Who’s Afraid of Virginia Woolf? (rewatch)
Posted by martinteller on May 28, 2012
Truth and illusion, illusion and truth. Albee (and by extension, Lehmann and Nichols) tears down the facades of marriage and erects new ones and tears those down too. This is the kind of brutal interaction that gets right me in the gut, where the fights and games are so vicious that they make the vulnerable moments that much more poignant. Films about couples in turmoil (Scenes from a Marriage, A Woman Under the Influence, et cetera) have a special appeal to me, maybe you need to have been in a turbulent relationship or two yourself to fully appreciate the complex emotions behind them. Love and hate and disappointment and power struggles, using your partner’s weaknesses against them, seeing how far you can go. It’s heady stuff, but it all has the ring of sad, sad truth to it.
I got into a discussion recently about “theatrical” performances in film and why some bother me and some don’t. Certainly the language in Woolf is theatrical, the (gorgeously composed) quick-witted barbs wouldn’t fly so fast and furious in real conversation, much less between four such inebriated individuals. But the performances here don’t have that staginess that bothers me. I don’t feel like I’m being played to as an audience, especially not when the characters are so busy playing for each other. Taylor and Burton are both so unbelievably riveting and spot-on, there isn’t a moment in the movie that isn’t compelling to me, and when they’re facing off in marital battle it’s electrifying. I’ve even warmed up to Dennis… her character is irritating, but that’s as it should be. In some ways, she’s the most tragic character in the story; one wonders what the conversation between her and Segal will be the next day, the next week, the next 20 years. This evening could be the beginning of their own “George and Martha” dynamic.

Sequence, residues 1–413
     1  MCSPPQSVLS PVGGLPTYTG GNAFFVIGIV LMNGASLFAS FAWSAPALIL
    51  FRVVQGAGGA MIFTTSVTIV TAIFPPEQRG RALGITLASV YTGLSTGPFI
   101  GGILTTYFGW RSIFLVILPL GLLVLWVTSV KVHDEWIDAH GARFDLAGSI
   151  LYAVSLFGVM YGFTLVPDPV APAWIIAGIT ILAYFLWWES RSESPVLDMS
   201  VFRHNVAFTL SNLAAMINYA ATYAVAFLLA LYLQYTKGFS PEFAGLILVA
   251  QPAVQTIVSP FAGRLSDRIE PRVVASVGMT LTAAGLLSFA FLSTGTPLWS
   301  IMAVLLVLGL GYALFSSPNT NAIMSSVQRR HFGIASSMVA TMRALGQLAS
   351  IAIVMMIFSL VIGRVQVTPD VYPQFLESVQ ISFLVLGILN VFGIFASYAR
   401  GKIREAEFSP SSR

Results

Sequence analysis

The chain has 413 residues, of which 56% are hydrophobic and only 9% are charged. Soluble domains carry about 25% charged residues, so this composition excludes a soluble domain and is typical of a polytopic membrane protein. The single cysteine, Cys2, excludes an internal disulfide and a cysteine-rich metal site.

It’s a film that grows on me more and more with each viewing, to the point where it’s now surpassed The Graduate as my favorite by Mike Nichols. The explosive intensity of it is overwhelming, building to a wild and deeply upsetting crescendo. The final ten minutes are some of the most affecting cinema I’ve ever witnessed. Outstanding performances, brilliant dialogue, engaging subject matter, and done with rich cinematography by Haskell Wexler. Rating: Masterpiece